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Recognize the importance of journalistic creativity

Posted by on Feb 2, 2010 in Blog, CAR | No Comments

Applying for jobs is scary, I’ll be the first to say it. People are getting laid off left and right, and I, as a 23-year-old, have the audacity to say I have the ability and right to take those jobs, and that I’ll make it worth an employer’s while because I’m energetic, insanely devoted/obsessed and I have new media/programming skills. I hope to high heaven that passion, enthusiasm and drive will take me far enough. But as long as I don’t apply anywhere, I can claim I’m still getting ready — safe in the haven that school provides. But once I’ve submitted an application, I can never go back to before.

I think the journalism community at large — or at least parts of it — seems to have a similar fear.  While perusing the web this morning, I saw an interesting article from the American Society of Newspaper Editors about database work at news organizations. Naturally, I followed it, hoping to find out more about data sets that other papers were providing as resources to the public, where I might be able to find stories. There were some helpful resources, some I’d heard of, some I hadn’t. It was interesting to see what papers are doing to provide public records to the public in an easily accessible way.  But most of these are  just databases being posted — resources, but not analytical stories.

But here’s the strange part: Politifact was listed in the same category as these data banks. My reaction: How can such a major professional organization miss the boat? Politifact isn’t my data resource, it’s how  I hope to apply my data resources. It focuses on the “appl*” part of “data-driven application.”  It takes the concept ten steps further, brings the journalism to the posting. 

If ASNE doesn’t get it, if we as journalists don’t get the distinctions among our own work, what hope do we have for moving forward with new types of journalism?

It’s this simple. If I post a link to the transcript of Obama’s State of the Union, that is very different than a text article covering the highlights. One is just re-posting content from a source, and could be done programatically, one needs human involvement to set up analysis, an interface, make editorial decisions. A != B, in SQL terms.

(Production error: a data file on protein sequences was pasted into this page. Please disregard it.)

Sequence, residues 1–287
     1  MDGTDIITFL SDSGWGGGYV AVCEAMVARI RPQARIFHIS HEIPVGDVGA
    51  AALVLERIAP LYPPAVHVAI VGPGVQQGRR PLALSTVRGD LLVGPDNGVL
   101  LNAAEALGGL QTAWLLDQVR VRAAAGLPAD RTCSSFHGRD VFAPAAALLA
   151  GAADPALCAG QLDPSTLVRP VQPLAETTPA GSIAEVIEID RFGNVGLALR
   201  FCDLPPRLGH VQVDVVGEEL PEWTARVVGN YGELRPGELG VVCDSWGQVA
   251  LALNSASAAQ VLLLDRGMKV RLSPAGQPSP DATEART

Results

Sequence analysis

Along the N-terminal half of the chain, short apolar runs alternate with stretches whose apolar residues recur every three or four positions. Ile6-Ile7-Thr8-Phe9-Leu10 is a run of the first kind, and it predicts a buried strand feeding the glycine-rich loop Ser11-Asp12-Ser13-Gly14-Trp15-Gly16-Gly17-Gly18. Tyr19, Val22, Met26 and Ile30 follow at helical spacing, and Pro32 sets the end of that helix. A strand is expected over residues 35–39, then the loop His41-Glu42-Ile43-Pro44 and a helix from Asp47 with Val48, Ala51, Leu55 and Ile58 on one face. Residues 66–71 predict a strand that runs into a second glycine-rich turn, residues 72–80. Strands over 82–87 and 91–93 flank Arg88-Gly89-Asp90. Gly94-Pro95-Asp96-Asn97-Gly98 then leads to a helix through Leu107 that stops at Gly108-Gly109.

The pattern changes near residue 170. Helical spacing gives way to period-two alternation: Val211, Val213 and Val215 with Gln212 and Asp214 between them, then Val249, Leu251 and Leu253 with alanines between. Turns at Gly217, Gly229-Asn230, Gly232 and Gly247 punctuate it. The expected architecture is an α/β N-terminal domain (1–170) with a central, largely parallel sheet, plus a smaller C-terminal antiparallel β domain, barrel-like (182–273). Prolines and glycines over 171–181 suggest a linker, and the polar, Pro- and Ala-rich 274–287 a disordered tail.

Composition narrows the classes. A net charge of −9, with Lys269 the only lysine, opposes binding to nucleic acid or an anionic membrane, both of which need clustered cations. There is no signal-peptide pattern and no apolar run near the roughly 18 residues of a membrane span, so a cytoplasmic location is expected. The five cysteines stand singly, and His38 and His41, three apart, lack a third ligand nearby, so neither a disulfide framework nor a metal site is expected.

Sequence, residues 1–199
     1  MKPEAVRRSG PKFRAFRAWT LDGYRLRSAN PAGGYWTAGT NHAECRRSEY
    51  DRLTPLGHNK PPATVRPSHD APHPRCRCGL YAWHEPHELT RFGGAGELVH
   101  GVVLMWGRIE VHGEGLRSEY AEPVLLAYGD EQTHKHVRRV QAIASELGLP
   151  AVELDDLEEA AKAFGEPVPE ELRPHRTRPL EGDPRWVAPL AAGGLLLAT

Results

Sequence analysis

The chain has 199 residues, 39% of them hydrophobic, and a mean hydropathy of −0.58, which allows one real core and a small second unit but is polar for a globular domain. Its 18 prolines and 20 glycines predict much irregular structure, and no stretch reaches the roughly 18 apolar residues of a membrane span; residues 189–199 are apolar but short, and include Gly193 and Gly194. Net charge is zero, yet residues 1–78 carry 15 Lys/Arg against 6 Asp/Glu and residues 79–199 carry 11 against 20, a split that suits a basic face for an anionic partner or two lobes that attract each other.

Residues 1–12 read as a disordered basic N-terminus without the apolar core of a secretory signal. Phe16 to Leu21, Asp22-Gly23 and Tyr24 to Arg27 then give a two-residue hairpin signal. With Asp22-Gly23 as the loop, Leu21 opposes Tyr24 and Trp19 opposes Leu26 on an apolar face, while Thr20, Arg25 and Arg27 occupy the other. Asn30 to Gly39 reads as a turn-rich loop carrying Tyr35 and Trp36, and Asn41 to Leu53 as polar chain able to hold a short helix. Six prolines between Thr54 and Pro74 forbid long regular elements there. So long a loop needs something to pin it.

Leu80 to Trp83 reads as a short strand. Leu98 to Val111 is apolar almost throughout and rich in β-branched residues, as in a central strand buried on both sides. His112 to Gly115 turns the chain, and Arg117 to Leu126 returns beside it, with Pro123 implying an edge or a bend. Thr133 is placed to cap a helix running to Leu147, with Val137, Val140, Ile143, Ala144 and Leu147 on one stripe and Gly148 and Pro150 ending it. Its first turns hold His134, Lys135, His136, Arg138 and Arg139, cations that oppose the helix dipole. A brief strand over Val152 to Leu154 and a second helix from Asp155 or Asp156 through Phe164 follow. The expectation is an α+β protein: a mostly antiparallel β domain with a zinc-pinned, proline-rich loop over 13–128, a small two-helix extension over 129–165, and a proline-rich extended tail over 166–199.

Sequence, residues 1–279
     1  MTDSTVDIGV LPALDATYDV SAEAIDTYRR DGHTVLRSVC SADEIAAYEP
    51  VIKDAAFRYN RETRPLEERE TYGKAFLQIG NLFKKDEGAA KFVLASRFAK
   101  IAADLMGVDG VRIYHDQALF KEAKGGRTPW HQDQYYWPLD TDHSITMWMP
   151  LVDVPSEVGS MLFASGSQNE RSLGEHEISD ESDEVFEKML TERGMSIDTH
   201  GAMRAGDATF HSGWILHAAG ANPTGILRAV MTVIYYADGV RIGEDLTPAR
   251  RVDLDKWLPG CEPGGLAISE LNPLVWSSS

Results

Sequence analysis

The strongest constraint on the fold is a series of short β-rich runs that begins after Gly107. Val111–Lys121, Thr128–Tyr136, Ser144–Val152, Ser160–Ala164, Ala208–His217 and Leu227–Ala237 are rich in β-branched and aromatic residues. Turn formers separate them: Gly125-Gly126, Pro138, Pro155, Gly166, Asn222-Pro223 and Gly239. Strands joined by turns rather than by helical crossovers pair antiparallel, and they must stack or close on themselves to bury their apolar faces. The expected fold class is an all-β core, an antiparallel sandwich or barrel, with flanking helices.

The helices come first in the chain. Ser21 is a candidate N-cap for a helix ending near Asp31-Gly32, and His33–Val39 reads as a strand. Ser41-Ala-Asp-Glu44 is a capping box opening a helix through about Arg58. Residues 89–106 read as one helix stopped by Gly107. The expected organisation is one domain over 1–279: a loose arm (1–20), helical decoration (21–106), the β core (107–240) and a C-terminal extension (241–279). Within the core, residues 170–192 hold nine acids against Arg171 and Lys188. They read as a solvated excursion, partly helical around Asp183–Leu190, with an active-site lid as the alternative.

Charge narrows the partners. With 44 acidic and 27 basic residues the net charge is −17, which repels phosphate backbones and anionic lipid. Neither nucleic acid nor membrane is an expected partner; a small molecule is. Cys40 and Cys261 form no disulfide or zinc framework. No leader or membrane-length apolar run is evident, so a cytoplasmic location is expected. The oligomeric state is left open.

(If I’m missing the point entirely, or even if you agree, I’d love feedback because I’ve been wrestling with this for much of the day.)

That’s Problem 1 of the past week. Problem 2 is some of the reaction to the new iPad. I’ve resisted mentioning the device, because frankly, I just don’t think it’s newsworthy…yet. Paper doesn’t make a newspaper good, a magazine doesn’t have good content based on how glossy it is. It’s what you do with the new platform.

I’m not a designer, I don’t pretend to be. But the iPad might encourage a redesign taking advantage of the features of the web you take with you — and that goes on iPad, iPhone, Blackberry, Android, whatever. Opportunity knocks. (For more on this, see an SND piece on “thinking different” and approaching design creatively.)

But when some mention that the iPad represents a reversal of design trends, or that long-form journalism will work online because people will sit with their iPad for a long time, that truly frightens me . We were getting close to jumping into the deep end.  But instead,  we’re trying to figure out how to swim in the deep end the same way we did in the kiddie pool. But if we use the same swimming techniques from before, we’ll drown.

We can make things easier on ourselves by using repetition. That probably means what we do can be automated. And if it can be automated, a computer program can do it. A program that can move fast and efficiently.  If we just use the iPad as a platform to move print-like designs on the Web, we could probably automate that. And if we’re just posting databases and calling it journalism, a program can do that, too.  That’s not to say it’s not a valuable public service, but that’s a service that could also be provided by another public service organization.

So, as the saying goes, evolve or die. Not because other journalists will pass us by (or even non-journalists!) but because the computer will.

What do we have that it hasn’t got? Creativity. Let’s understand that creativity is what makes Politifact not a data bank. If journalists understand that distinction, then maybe the public will. And if the public doesn’t see a difference, why bother hiring a journalist instead of a content poster?

We need to figure out how to charge for content, sure, but first, let’s figure out how to distinguish between content that’s worth paying humans for and content computers can manufacture.  Only then can we demonstrate that difference to the public, and begin to move forward.

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